Apple Season

Finally, after far too long, fall weather has arrived bringing chilly nights and gorgeous days. This is the kind of weather where you hang out at the dog park or the skate park or the marine park and scowl at the sun when it decides to set before five. It's perfect for heading to the orchards for some apple picking, or at least picking up some apples at your local farmer's market. But what do you do when you get that bushel of apples home and realize just how big a bushel is? That's when you leap into the other perfect fall activity, baking. If you're feeling particularly ambitious you can bake lots and lots and freeze your baked goods for the upcoming holiday season.

Jenny Bristow has an interesting and deluxe sounding recipe available for Apple, Lemon and Vanilla Cake that she says can also be served as a pudding. She's Irish and I'm thinking her definition of pudding is different than mine. Images like this one of an early spring rhubarb pudding with a rhubarb and berry sauce seems to indicate that I could be right as it doesn't look anything like the stuff Mr. Cosby used to hawk as part of his Jell-O campaign. The cake recipe is fun to read, even if you don't cook, because it has mysterious ingredients like sultanas, which I'm pretty sure doesn't refer to say the ruler of Delhi in the early part of the thirteenth century. Ms. Bristow uses olive oil instead of butter, banishing the saturated fats and pleasing your palate in one stroke.

Jenjen from Australia has this delicious looking recipe for baked doughnuts. She says she doesn't like to deep fry and she certainly doesn't like what eating deep fried foods does to her but she does like doughnuts so she adapted another recipe and came up with these Apple Cider Doughnuts. She says that by using a special baking pan she's able to make these as light and fluffy as a certain doughnut with the initials KK. As an added bonus they stay fresh longer than fried doughnuts because the fat doesn't go stale right away. Stale fat = bad; light and fluffy = good.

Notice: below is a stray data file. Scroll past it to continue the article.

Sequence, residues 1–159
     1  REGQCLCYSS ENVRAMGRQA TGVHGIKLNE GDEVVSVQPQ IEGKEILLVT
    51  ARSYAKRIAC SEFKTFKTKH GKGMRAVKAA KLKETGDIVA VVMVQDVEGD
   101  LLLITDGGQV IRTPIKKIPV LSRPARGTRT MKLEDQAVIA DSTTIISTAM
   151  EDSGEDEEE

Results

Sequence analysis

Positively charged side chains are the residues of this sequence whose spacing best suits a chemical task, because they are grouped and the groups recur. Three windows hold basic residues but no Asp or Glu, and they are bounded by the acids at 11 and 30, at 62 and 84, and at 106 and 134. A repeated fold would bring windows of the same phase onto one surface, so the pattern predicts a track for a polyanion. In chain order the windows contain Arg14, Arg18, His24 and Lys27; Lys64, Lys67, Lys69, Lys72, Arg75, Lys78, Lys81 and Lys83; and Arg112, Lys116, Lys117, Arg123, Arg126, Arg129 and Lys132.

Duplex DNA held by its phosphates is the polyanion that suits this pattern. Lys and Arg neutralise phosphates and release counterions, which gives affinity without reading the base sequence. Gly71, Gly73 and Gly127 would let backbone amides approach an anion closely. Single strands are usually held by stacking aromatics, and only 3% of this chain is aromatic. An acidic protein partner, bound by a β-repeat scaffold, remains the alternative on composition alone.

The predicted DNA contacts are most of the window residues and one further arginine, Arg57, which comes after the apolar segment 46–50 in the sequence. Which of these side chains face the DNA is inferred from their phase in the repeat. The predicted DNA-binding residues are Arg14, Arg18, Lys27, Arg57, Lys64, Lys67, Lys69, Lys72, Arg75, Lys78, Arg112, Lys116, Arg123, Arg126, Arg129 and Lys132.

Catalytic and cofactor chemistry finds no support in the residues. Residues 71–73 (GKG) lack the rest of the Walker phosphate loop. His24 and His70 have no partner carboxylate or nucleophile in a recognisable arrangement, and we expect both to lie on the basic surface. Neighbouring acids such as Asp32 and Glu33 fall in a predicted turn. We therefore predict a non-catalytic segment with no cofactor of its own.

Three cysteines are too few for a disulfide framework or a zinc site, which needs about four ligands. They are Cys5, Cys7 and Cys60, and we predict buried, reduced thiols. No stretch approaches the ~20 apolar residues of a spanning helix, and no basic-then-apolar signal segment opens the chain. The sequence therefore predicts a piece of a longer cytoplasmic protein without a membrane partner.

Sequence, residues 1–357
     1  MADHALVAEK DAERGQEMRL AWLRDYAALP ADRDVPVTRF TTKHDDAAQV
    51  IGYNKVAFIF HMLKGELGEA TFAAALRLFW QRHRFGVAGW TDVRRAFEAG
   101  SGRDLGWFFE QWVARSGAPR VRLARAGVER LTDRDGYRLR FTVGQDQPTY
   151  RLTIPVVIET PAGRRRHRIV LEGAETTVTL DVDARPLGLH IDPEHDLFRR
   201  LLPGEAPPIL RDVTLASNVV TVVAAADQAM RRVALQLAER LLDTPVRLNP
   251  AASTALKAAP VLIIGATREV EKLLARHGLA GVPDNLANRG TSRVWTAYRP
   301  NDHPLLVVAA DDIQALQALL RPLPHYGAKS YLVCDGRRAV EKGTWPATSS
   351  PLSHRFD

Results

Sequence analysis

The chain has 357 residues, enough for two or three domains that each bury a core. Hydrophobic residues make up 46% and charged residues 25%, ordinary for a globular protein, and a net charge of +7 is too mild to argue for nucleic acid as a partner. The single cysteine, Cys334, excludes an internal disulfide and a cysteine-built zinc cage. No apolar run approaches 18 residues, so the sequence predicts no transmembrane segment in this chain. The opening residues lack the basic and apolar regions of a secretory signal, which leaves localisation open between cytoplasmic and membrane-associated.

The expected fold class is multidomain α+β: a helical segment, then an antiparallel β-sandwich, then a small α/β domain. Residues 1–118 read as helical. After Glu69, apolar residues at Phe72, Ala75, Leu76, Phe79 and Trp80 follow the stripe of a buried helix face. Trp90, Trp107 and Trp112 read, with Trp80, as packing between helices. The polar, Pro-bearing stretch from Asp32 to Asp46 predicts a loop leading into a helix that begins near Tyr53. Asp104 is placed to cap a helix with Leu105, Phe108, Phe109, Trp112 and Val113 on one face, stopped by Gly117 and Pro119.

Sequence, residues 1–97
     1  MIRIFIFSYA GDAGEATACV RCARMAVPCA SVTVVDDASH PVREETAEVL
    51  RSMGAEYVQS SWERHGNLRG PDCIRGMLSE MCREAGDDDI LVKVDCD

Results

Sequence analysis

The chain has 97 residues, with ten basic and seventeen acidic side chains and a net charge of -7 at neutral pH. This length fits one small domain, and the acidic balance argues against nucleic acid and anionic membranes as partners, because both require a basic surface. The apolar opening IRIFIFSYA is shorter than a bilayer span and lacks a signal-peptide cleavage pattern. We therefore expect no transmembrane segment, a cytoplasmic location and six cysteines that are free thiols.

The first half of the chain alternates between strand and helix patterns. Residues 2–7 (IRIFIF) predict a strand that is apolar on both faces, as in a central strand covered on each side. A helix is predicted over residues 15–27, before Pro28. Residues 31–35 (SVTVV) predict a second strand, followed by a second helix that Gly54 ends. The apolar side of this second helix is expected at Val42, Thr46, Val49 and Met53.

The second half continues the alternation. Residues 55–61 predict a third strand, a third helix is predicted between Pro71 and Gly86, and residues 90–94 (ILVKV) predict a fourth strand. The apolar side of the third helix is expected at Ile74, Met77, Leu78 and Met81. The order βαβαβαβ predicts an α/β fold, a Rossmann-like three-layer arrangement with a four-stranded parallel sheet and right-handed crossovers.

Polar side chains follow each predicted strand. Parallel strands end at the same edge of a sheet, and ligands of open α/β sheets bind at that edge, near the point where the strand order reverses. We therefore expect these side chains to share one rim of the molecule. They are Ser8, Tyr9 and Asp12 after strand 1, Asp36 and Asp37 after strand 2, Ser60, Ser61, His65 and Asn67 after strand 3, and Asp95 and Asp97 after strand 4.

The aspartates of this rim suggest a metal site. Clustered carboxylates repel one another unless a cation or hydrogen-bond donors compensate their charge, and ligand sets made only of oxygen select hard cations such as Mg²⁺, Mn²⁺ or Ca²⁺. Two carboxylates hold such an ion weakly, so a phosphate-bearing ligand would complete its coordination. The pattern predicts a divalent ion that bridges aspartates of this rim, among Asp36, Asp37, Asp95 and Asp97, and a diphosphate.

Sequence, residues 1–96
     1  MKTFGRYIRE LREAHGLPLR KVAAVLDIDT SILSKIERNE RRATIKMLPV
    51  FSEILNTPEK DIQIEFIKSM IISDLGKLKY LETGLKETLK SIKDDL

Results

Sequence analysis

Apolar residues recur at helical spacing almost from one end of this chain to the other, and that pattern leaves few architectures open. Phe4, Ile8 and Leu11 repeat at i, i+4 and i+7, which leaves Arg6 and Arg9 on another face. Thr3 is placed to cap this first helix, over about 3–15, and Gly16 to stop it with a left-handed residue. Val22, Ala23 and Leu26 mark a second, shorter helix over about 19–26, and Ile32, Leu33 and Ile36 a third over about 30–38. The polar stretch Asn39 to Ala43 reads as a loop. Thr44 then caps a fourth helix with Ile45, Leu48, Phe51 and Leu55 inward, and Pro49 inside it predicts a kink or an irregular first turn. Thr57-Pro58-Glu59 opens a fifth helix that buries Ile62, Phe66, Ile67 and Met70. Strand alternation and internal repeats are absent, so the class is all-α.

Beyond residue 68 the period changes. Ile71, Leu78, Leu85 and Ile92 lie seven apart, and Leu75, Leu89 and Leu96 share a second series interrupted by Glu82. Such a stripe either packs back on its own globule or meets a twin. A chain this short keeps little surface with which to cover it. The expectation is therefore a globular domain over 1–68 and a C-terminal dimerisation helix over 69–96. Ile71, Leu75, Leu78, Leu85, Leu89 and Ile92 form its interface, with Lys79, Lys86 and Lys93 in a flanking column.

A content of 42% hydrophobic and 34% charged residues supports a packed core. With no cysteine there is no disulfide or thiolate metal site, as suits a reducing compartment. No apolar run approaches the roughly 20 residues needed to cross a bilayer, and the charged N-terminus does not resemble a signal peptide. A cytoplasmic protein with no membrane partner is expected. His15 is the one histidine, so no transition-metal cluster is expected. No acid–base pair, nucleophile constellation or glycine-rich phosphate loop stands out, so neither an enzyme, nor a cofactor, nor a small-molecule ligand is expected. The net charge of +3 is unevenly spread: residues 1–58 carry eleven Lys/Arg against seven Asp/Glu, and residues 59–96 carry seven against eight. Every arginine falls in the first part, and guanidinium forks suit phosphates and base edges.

Janeen of the Zum Family blog has created an apple pie that is perfect for those who have allergies (no wheat, no nuts, no dairy) or who are just trying to avoid dairy. It relies on buckwheat, sorghum and rice flours as well as dairy-free margarine. The recipe, along with step-by-step photos, can be found here. Be warned, a song plays when you visit her site, which can be disconcerting (or headache inducing) if you're already listening to something else.

I definitely wanted to include an apple bread in this column but I didn't want one that was too ordinary. The Coconut and Lime blog came through with this intriguing recipe for Key Lime and Apple Bread. At first I wasn't really sure if that combination sounded tasty but it calls for Granny Smith apples, which themselves are tart, so the apple lime fusion isn't as odd as it could be.

So what do you do if you just don't like apples? Maybe their texture gives you the creeps or one frightened you when you were a kid, leaving a lifelong loathing. In that case, don't worry. I've got you covered. This link will take you to a page that will teach you everything you need to know about preparing apple snails, which the author points out is an excellent source of protein for humans. And if you eat the apple snails they aren't eating the apples. It's a win-win situation.

One-Paragraph Review

This week's one-paragraph review is from an actual super villain called Mr. Oblivion, who saw 30 Days of Night and has this to say, "It was ok, I guess. A bit gory, but the premise is good - vampires take over a far northern Alaska town just as the 30-day blackout sets in (and a blizzard hits at one point). Kind of a twist ending, which I won't spoil. The cinematography breaks down into some really neat scenes - the graphic novel roots of this film are pretty obvious in many of the shots. It was way less obvious than the framing in 300 (which had that abstract Miller-style to it) but still picturesque. I wish whoever had filmed this would have directed the Hulk instead of John Wu." Have you got a one-paragraph (or smaller) review you'd like to share? Send it in to me and I'll run the most interesting ones. You can reach me at feedback@qualitytimeweekly.com.